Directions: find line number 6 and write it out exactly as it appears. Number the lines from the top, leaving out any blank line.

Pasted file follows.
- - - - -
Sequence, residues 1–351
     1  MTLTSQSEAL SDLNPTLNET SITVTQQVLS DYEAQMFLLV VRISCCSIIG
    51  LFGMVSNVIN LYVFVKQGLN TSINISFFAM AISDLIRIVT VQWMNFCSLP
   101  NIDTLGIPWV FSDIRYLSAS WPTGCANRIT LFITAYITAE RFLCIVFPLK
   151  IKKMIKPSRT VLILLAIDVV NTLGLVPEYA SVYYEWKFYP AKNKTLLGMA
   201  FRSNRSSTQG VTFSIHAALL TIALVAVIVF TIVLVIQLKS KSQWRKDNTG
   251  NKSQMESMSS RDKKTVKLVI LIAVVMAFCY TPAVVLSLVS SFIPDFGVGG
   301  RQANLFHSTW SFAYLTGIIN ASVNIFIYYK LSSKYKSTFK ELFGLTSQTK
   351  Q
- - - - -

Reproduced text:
   201  FRSNRSSTQG VTFSIHAALL TIALVAVIVF TIVLVIQLKS KSQWRKDNTG